Isabella
Habig

Latin 2

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Ms. Martin

12/4/17

 

The First Punic War

 

            The
First Punic War is the first of three wars between the Roman Republic and the
Carthaginian empire that lasted from 256 to 241 BC. The war was mainly over the
control of Sicily and Corsica, two very important islands in the Mediterranean
Sea. These islands were in a strategic location, and whoever won them would get
a serious advantage in upcoming wars. The war was fought on both land and
water, so the Romans were forced to adapt to naval warfare and its necessities.
In the end, Rome won and gained control of Sicily.

            The
First Punic War was caused by an intervention of Carthage in a dispute. This
dispute was between Messana and Syracuse, which were two important cities on
the coast of Sicily. A band of raiders, named the Mamertines, were once hired
by the king of Syracuse. When he died, the raiders were excused, and they
headed toward Italy. On their trip, they found the city of Messana and took
possession of it. The Mamertines turned Messana from “a quiet trading
emporium into raiding base” (Everitt 220). Later, Hiero, the ruler of
Syracuse, defeated the Mamertines and besieged Messana. One group of the
Mamertines, fearing Hiero, saw a passing Carthaginian fleet and pleaded for
help. The Carthaginians accepted their plea for help and decided to help them.
The other group of the Mamertines, however, turned to the Romans for help.
Because Carthage already owned much of Sicily, the Senate hesitated. They
finally came to an agreement on helping the bandits, so Rome established a
presence on the island. (Everitt 220)

            As
the war began, “Messana and the Mamertines faded into the background”
(Everitt, 222). As the war went on, the Roman’s campaign on the land went well,
however, they knew if they didn’t have a strong presence in the sea, Rome could
never defeat Carthage. At the beginning of the war, Rome had no naval fleet,
for they were never very interested in “maritime matters” (Everitt
223). So, Rome decided to develop a navy and began attacking the Carthaginians
at sea. Rome’s new fleet, which was built in only 60 days, included 20 triremes
and 100 quinquereme warships. Despite Rome’s best efforts, however, Rome failed
to gain control over Sicily, but they managed to open the way to Corsica. As
the war waged on, Rome managed to defeat Carthage in several crucial naval
battles. (Everitt 222-223)

            Once
Rome made its way to Carthage, they decided to “recall half the army and
the fleet” (…). Rome also withdrew two legions. This was because there was
an upcoming winter and Rome thought that they couldn’t attack at that time.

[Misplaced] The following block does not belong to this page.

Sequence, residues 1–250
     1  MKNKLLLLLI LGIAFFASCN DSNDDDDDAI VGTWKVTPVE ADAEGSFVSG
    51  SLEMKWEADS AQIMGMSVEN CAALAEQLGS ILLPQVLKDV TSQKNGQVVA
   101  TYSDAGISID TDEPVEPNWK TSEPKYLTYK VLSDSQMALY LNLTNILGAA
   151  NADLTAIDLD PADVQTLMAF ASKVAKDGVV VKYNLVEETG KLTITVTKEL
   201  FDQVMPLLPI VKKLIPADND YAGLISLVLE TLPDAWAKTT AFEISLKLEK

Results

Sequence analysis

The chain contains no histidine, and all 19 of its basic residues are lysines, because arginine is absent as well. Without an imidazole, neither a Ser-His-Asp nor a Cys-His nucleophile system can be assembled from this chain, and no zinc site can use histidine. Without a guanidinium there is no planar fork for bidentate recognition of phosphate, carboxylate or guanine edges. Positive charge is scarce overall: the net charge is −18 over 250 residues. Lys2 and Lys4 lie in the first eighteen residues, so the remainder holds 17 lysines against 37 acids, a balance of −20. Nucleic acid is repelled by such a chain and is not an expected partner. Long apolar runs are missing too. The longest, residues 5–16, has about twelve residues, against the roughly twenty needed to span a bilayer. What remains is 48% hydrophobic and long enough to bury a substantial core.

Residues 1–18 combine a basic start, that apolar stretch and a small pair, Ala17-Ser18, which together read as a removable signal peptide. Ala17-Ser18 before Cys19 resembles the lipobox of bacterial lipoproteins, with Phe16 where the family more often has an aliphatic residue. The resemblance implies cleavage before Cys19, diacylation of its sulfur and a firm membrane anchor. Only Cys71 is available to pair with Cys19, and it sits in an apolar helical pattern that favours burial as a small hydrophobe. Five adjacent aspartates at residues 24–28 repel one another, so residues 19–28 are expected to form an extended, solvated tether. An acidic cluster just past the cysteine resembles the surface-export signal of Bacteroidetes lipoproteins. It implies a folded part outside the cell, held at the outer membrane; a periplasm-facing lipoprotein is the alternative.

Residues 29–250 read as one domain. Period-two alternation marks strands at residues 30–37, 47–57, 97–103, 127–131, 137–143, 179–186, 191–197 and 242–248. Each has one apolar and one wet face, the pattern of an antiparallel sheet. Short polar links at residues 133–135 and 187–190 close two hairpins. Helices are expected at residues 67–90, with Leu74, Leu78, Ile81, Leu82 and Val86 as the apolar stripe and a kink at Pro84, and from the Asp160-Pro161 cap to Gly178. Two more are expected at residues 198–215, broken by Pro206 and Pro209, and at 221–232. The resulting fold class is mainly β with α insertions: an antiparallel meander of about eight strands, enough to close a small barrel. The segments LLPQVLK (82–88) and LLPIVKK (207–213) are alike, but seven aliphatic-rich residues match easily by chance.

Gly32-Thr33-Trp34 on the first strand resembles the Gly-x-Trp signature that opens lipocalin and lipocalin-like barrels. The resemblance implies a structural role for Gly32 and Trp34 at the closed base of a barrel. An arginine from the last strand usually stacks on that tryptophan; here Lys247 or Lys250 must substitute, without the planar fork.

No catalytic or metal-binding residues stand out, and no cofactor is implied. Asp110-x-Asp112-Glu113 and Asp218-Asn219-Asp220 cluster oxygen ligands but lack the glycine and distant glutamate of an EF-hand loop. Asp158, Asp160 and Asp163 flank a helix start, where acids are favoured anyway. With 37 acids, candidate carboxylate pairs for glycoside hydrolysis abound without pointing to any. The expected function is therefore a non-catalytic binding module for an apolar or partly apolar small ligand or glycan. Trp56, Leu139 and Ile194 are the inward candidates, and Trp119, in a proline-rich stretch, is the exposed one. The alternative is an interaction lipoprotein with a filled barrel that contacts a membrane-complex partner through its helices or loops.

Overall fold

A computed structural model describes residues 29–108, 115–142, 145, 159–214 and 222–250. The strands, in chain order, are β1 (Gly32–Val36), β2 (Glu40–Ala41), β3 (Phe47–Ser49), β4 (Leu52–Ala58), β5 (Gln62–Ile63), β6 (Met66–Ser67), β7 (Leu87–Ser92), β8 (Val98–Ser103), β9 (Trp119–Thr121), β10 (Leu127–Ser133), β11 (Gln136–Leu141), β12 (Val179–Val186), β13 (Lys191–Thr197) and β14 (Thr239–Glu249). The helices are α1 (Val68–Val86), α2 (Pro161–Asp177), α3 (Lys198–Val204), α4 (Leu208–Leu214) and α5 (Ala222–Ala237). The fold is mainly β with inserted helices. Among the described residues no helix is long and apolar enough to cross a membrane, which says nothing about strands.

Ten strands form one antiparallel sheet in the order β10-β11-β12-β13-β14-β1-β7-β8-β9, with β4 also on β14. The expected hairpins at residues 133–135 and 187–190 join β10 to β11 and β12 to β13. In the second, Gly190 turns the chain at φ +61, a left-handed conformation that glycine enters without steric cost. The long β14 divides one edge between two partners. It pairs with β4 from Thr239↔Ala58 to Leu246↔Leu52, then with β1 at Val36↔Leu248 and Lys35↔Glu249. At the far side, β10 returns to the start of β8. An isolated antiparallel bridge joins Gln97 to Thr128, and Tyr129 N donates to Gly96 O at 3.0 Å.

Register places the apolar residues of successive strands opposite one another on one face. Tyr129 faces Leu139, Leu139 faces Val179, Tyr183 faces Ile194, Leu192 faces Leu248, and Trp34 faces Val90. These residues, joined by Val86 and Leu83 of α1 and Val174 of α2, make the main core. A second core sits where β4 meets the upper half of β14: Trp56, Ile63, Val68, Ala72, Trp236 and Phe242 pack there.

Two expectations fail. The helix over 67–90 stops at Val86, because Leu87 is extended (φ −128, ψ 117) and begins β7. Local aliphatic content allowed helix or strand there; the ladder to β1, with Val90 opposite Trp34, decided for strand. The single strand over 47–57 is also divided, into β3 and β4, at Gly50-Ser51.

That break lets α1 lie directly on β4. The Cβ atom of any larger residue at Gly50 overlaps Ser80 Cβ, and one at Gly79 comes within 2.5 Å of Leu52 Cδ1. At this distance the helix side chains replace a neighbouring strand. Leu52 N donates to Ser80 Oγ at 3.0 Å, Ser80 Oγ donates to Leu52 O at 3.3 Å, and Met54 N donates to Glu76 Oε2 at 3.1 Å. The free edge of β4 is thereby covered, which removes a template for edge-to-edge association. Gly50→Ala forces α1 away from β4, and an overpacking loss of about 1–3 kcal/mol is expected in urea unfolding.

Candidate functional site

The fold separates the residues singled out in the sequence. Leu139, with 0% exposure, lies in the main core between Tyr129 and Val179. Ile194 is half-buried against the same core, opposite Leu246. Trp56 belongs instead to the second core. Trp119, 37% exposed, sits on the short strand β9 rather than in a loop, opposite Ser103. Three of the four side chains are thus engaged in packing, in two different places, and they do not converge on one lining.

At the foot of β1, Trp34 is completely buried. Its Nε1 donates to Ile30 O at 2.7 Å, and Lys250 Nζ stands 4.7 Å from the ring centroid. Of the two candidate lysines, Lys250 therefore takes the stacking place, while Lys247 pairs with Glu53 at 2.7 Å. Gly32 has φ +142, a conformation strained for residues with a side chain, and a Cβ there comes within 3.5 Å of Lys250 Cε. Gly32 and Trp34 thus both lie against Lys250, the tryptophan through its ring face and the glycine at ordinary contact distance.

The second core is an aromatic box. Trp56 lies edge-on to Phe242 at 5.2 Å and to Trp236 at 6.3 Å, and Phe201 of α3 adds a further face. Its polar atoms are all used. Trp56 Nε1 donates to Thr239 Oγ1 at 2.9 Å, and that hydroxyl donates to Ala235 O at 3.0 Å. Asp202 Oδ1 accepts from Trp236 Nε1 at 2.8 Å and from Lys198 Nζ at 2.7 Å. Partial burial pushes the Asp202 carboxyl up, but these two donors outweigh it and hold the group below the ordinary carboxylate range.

Even with these restrictions, Regulus, a Roman general still defeated the
Carthaginians at the city of Tunis. Regulus occupied the city in 255 BC and
made an effort to have peace talks. The Carthaginians were near surrender, but
the terms given by the Romans were too severe (Cartwright).

Carthage sought help from a Spartan
military expert by the name of Xanthippus. Carthage, with its 12,000 infantry
and 4,000 cavalries were ready to face the Romans. Xanthippus combined his
cavalry with 100 war-elephants, which proved to be a helpful tactic. Carthage
completely destroyed the Romans in the next battle, with Carthage killing
12,000 Romans, and Rome only killing 800 Carthaginians.

Having failed their campaign in
Africa, the Romans decided to bring back the war to Sicily. Carthage had to
concentrate their efforts closer to home, to “ensure its control of its
African territories” (Cartwright). Soon enough, Carthage went back to
Sicily to resume its campaign there. Led by Hasdrubal, the expedition ended up
being a failure. Lucius Caecilius Metellus, a Roman consul, even managed to
capture Carthage’s war-elephants.

Hamilcar Barca soon became the new
Carthaginian general. Using guerrilla tactics, he soon became victorious in many
of his battles. He continued to attack the Italian mainland, but without a full
army, he was limited. Hamilcar’s efforts persuaded the Romans that they could
not defeat Carthage on land. Instead, Rome would have to resort to a war at
sea. In 242 BC, Rome came out with a brand-new fleet of 200 ships. With their
new powerful navy, Rome defeated Carthage in a very decisive battle. In that
battle, Carthage lost 50 of their ships, and 70 of their ships were captured,
and 10,000 prisoners were taken by Rome. Carthage didn’t lose by much in the
battle, but it “drove cash-strapped Carthaginians to seek peace
terms” (Cartwright). The terms given by the Romans were fairly lenient,
especially compared to the terms given years earlier. Carthage had to give
Sicily and the Lipari Islands to Rome. Carthage also had to pay Rome 3,200
silver talents in reparations for the damage caused. As Carthage ceded Sicily
to Rome, it became Rome’s first province. Rome would later get Corsica and
Sardinia under their control as well. Despite everything that happened,
Carthage remained a business power and they would soon come back for Rome, in
the Second Punic War (Cartwright).

 

 

 

 

 

 

 

 

 

 

 

 

 

 

 

 

 

 

 

 

Works
Cited:

 

Everitt,
Anthony. The Rise of Rome: The Making of the World’s Greatest Empire. 2012.
Random House

     Trade Paperbacks, 2013.

 

Goldsworthy,
Adrian. The Punic Wars. Cassell, 2001.

 

“Carthage
and Rome 264 BCE-241 BCE.” Britannica.com, www.britannica.com/event/First-Punic-War.

     Accessed 5 Dec. 2017.

 

Cartwright,
Mark. “First Punic War.” Ancient.eu, 26 May 2016,
www.ancient.eu/First_Punic_War/.

     Accessed 5 Dec. 2017.

 

 

 

 

 

 

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